Paul Laurence Dunbar’s “The Tragedy of Three Forks” appears in his 1898 short story collection The Strength of Gideon. The story’s narrative involves a woman burning down the house of a rival and blaming the arson on African Americans. The white press runs with the assumption that African Americans committed the crime, captures a group, and lynches them. Thomas L. Morgan speaks about this story, and others, in relation to “White Determinism” and the genre of Naturalism that took off around the turn of the twentieth century. For this post, though, I want to not the aspects of dialect that appear in the story.

When most people read Dunbar, they read his dialect poetry. The reason for this, as mentioned in earlier posts, comes from the fact that anthologies typically contain them. Along with this, the dialect poems lead some to view Dunbar as an accomadationist who reminisces about the bygone days of the Old South. This assumption cannot be further from the truth when reading Dunbar’s work as whole. Scholars such as Gene Andrew Jarrett, Nadia Nurhussein, and others have worked to dismiss this characterization of Dunbar and his work. In this post, I would like to add to those voices by showing, briefly, how dialect works in “The Tragedy of Three Forks.” 
Taking place in Central Kentucky, the story begins on a dark, stormy night. The narrator describes the scene, mentioning an unidentified girl can be seen in the night: “It was hardly a night on which a girl should be out. And yet one was out, scudding before the storm, with clenched teeth and wild eyes, wrapped head and shoulders in a great blanket shawl, and looking, as she sped along like a restless, dark ghost” (269). Notice that the narrator does not mention whether or not the girl scurrying through the storm is white or African American. She only appears covered in a blanket and resembling a “dark ghost.” When the girl speaks for the first time, certain assumptions may be brought to the forefront of readers’ minds. She says, 
“‘Tain’t the first time, ’tain’t the first time she’s tried to take me down in comp’ny, but—” and the sob gave way to the dry, sharp note in her voice, “I’ll fix her, if it kills me. She thinks I ain’t her ekals, does she ? ‘Cause her pap’s got money, an’ has good crops on his lan’, an’ my pap ain’t never had no luck, but I’ll show ‘er, I’ll show ‘er that good luck can’t alius last. Pleg-take ‘er, she’s jealous, ’cause I’m better lookin’ than she is, an’ pearter in every way, so she tries to make me little in the eyes of people. Well, you’ll find out what it is to be pore—to have nothin’, Seliny Williams, if you live.” (270)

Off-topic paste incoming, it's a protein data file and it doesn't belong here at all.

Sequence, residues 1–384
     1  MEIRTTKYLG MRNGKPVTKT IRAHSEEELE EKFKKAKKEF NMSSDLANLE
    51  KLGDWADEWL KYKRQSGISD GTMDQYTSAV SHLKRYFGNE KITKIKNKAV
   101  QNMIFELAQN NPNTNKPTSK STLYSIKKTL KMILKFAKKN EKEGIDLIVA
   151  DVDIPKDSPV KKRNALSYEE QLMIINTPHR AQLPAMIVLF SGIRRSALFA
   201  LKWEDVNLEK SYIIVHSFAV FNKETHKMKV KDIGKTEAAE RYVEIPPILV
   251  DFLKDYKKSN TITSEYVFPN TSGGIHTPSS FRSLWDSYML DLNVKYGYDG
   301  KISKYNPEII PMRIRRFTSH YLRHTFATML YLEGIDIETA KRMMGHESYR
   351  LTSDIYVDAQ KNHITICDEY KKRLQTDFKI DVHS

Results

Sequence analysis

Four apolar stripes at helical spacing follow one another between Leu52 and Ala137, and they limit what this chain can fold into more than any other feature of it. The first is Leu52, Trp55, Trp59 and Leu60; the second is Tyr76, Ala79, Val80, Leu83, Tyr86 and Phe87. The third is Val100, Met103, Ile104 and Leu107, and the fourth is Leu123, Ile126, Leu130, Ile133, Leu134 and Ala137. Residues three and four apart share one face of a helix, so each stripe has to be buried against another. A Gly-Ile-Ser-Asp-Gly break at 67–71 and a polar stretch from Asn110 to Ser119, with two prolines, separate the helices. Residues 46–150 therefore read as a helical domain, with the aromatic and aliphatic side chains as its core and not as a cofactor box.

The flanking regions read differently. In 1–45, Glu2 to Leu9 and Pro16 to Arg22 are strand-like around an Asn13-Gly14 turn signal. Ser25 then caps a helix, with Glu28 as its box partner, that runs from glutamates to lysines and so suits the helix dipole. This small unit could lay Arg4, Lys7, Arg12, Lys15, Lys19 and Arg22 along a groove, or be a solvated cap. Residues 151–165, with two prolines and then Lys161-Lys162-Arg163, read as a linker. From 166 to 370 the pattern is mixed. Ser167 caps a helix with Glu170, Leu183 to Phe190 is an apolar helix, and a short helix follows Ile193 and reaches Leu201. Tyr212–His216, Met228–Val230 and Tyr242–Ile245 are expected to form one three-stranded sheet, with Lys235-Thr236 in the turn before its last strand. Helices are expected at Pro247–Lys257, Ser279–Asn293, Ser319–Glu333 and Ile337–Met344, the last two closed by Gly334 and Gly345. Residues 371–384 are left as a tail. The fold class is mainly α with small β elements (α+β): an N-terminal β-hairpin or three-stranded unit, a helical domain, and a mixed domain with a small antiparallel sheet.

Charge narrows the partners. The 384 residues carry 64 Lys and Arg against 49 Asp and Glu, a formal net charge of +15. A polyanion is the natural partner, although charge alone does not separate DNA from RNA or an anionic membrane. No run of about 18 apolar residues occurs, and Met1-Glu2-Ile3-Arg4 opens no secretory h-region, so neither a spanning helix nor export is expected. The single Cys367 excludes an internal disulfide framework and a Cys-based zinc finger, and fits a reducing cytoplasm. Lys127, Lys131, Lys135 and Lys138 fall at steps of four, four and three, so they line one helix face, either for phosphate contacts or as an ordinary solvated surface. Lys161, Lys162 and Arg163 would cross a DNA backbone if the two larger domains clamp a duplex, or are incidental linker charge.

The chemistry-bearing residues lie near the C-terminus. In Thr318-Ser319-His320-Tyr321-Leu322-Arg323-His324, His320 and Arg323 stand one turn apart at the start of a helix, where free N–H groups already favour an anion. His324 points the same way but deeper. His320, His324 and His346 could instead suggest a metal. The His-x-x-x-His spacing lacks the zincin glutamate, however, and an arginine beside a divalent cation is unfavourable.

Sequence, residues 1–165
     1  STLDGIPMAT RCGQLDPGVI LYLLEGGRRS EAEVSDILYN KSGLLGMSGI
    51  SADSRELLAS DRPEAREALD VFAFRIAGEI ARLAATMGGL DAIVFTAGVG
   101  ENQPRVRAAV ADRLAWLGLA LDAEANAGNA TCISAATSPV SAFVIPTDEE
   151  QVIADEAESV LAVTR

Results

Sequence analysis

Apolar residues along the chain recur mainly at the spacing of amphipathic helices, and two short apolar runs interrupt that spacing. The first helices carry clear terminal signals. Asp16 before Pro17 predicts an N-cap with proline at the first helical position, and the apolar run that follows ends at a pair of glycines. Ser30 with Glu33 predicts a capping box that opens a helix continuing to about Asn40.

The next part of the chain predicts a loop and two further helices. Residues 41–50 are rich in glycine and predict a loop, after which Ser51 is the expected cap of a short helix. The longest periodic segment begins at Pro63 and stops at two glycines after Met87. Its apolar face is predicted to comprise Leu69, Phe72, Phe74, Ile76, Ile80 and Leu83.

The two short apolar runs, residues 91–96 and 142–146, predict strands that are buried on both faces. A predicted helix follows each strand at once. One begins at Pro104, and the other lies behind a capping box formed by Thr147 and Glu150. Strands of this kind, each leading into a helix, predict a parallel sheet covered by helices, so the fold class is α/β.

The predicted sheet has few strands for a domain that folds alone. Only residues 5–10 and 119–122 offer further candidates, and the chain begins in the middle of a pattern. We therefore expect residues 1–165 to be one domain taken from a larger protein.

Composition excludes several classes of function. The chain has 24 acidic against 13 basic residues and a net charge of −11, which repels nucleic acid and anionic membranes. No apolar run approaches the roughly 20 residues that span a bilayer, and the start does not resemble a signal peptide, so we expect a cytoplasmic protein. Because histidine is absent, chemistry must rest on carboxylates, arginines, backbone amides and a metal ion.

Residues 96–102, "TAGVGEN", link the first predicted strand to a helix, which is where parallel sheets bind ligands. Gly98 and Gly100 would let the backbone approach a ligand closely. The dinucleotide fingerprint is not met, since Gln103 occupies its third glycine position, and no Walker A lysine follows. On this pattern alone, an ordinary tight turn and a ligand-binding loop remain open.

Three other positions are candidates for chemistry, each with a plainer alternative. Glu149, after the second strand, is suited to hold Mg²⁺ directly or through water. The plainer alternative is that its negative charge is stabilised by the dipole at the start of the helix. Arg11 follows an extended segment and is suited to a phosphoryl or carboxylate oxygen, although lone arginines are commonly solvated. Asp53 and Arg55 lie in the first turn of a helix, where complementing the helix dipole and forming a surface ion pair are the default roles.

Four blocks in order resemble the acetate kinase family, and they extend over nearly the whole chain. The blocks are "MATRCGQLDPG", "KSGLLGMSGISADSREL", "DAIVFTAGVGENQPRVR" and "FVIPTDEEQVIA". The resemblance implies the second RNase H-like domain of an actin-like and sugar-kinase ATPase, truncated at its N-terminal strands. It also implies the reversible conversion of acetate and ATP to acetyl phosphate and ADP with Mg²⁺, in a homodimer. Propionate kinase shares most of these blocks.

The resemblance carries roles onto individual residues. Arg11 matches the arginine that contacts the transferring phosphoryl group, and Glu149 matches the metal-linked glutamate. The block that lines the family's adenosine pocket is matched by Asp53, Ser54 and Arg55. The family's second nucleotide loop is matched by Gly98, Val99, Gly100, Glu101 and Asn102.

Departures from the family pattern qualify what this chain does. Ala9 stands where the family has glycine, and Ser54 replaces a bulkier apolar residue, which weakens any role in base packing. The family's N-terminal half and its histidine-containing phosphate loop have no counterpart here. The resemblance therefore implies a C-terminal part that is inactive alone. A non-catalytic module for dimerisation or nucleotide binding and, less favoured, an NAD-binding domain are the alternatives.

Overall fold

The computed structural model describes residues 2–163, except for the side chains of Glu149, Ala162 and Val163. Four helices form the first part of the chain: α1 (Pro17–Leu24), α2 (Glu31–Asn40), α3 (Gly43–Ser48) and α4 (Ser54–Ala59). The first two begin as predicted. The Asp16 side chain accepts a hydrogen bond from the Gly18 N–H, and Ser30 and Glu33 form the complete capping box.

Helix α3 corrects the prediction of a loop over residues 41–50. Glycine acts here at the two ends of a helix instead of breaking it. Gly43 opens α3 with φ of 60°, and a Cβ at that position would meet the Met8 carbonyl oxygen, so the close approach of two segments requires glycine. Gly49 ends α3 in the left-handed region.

The girl’s speech provides readers with an idea about her identity. She says that the rival “thinks I ain’t her ekals” which signifies a distinction of class, and quite possibly race. However, we still do not get any idea about whether or not the girl is African American or white until later in the story.
The indeterminability regarding the girl’s race from the beginning of the story works to disrupt the narrative in the same way that the newspaper “scarehead” does later in the text. Readers, based on local color and regionalism of the period, may perceive that the girl is African American. However, Dunbar shatters this conception because she is white and burns the house of her rival out of anger. She goes along with the town people’s conjecture that African Americans set the fire and allows the lynchings to continue. 
There is a lot more in regards to this story that could be discussed, but I think that challenging Dunbar’s use of dialect, and the way he deploys it in this story, serves an important purpose. We need to realize that Dunbar worked within a tradition that wrote in dialect. The “Hoosier Poet” James Whitcomb Riley became an inspiration to Dunbar, and that influence can be seen in the early dialect poems from Dunbar where he works to replicate Whitcomb’s dialect. As well, Dunbar can be seen, at eighteen, writing in a German dialect. His poem “Lager Beer” appears in the inaugural issue of the Dayton Tattler that Dunbar started in 1890. 
What does all of this mean? Quite simply, it means that we do not need to pigeonhole Dunbar and his dialect poetry or writings. His writing does not just reflect the lives of Southern African Americans. His work shows various regions, races, and classes in the United States at the turn of the century. The essentialist views of Dunbar started by Howells has partly led to this emphasis on Dunbar’s dialect. This view needs to be refocused, and by looking at the entirety of Dunbar’s work, we can do that. What are your thoughts on Dunbar’s dialect? What other authors from that period do we need to think about in regards to dialect and the role dialect plays? Let me know in the comments below. 
Dunbar, Paul Laurence. “The Tragedy of Three Forks.” The Strength of Gideon. New York: Dodd, Mead, & Company, 1898. 267-283. Print. 

3 Comments on “"The Tragedy of Three Forks" and Dialect

  1. Pingback: Charles Chesnutt and the Plantation Tradition | Interminable Rambling

  2. Pingback: Paul Laurence Dunbar’s “Nelse Hatton’s Vengeance” and the Plantation Tradition | Interminable Rambling

  3. Pingback: Minnie Cooper and John McClendon in Faulkner’s “Dry September” | Interminable Rambling

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